Why can't social networks be a place for democratic debate?
Tuesday, March 17, 2020
The quintessence of a voice born on social networks, the Yellow Vests movement has highlighted the deep feeling of powerlessness of citizens in the face of government decisions. To place their claims at the heart of the media debate, they seize social networks. But do these exchange platforms really allow the construction of a democratic debate? Can they really be used by decision-makers to stay in touch with citizens? Is the freedom of speech online a matter of discussion... or of impulse? Image of a phone with social network icons
Twitter, Facebook and Instagram have revolutionized the way our society communicates. From now on, everyone can express their opinions, outside of election periods; raise awareness on issues that are important to them, or like the Yellow Vests, alert policy makers on societal issues.
But can these virtual conversations engage in a real online democratic debate? Are they reliable monitoring tools for gathering opinion trends or influencing decision making?
To do so, social networks should respect the framework of the public space. As a guarantor of democracy, the latter favors argued exchanges between two people of different opinions, in compliance with rules established by a moderator, in order to reach a common decision. However, the exchanges that take place on social networks do not respect any framework of prior discussion, any methodology of debate. The moderation is summary and does not necessarily invite to respect or explain one's point of view.
If this freedom of speech of citizens is nevertheless precious and allows strong societal awareness (#Metoo to only name one), it does not lead to a common reflection around a particular issue. Its impact is spectacular, but it does not provide sufficiently detailed and nuanced information to lead to a decision.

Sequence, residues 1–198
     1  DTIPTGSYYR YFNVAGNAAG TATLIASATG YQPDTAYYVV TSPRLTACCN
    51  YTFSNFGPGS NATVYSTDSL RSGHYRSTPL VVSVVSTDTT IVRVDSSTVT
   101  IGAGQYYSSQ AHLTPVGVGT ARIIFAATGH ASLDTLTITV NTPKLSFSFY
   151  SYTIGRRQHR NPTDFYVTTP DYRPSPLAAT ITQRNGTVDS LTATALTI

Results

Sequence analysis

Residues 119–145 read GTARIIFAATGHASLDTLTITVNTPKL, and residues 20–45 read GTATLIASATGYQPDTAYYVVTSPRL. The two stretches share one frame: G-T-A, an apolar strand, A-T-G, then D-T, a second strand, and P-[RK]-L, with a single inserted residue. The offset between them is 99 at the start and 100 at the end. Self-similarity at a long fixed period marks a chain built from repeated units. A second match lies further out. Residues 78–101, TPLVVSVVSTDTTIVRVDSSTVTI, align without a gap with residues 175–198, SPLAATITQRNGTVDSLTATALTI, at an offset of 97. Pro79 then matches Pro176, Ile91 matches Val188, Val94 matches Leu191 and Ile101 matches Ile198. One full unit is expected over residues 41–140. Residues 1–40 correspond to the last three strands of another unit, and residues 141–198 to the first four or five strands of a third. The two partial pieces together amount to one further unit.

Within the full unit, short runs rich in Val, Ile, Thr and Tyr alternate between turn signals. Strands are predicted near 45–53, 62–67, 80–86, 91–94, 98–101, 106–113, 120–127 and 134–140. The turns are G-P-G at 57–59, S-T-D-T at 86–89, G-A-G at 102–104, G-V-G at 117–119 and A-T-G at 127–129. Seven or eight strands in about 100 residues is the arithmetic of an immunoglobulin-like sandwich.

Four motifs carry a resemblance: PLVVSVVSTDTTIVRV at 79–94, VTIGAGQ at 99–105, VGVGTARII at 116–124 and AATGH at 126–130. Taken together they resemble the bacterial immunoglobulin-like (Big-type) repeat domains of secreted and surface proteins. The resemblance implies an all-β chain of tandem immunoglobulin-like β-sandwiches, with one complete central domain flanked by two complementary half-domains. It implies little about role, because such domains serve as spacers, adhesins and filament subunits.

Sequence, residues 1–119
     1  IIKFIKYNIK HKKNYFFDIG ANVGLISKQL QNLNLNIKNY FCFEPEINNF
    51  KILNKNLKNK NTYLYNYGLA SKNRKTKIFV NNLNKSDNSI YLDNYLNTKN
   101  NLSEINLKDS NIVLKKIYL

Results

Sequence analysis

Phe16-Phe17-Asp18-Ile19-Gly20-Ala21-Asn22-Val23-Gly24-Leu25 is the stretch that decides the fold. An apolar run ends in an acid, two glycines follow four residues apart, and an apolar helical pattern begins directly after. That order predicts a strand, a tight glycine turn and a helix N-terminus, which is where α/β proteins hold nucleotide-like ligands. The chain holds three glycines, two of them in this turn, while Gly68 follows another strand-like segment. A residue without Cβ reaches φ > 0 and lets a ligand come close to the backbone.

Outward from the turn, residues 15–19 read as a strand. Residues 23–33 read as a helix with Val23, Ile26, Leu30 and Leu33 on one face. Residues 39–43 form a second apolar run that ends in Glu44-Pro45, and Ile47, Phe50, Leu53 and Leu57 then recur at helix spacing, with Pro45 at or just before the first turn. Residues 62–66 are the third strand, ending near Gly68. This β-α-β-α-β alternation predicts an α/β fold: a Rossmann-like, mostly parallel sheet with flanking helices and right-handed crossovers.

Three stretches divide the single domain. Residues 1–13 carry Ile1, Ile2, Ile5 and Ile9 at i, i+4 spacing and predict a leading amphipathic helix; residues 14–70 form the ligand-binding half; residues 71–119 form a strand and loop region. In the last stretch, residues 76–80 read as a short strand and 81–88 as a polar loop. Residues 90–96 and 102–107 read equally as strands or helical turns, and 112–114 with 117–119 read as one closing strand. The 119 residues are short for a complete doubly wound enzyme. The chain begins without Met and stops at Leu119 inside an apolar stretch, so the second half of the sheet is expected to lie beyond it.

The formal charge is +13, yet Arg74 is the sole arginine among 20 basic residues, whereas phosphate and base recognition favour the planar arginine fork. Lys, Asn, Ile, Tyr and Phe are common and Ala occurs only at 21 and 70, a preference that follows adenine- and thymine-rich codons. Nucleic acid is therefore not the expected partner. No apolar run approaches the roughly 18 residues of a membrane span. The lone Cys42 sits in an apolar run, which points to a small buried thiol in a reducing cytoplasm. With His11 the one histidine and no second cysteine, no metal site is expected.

A limited dialogue
Dialogue is also limited. When an Internet user questions or replies to the tweet of a media personality, his comment is added, from second to second, to a multitude of other interventions. This accumulation of virtual monologues stifles, unfortunately, any possibility of discussion or answers. The absence of answers leaves room for frustration, for the impression of not being listened to, for the breakdown of trust and with it any possibility of a peaceful exchange of points of view.
Besides the saturation of comments, more or less constructive, social networks offer only a reduced visibility. Each one has its own algorithmic rule, its conditions for expelling or not expelling a user, and grants itself the right to change them regularly. Posts are more subject to the rule of notoriety than to the freedom of expression. As long as all members of the community are not equal, we cannot talk about democracy.
A one-sided vision that opposes democratic debate
Headlines, short videos, numbers without necessarily explanations... Social networks tend to make us believe that we are getting information. But few are the moments when we take the time to dig into the reflection. Even rarer are the moments when we confront ourselves with a point of view opposite to ours - since everything is calculated to push content in our direction. This lack of analysis, combined with a lack of understanding or even empathy for a different point of view, considerably weakens our capacity for democratic debate. Fake news, on the other hand, finds a fertile ground...
The Internet and democracy: a possible equation in a framework of trust
At Fluicity, we believe that the Internet can serve democratic debate and decision making on strategic issues. We even think that digital tools are essential to maintain the dialogue between decision makers and citizens, and to recreate a climate of trust.
On the condition that this dialogue takes place within a defined space and a precise methodology.
The conditions of use of this digital space must be clear for all contributors. Everyone must feel free to express themselves, while setting a goal of co-construction.
Fluicity is a citizen participation platform that allows decision-makers to offer this space of expression to citizens. Thanks to its survey, ideation and co-construction functionalities, it invites citizens and decision-makers to go beyond the stage of frustration and find concrete solutions together. It also takes care of moderation to avoid, as is the case on social networks, that comments do not receive the same level of attention.
Under these conditions of trust, transparency and commitment, the democratic debate can begin.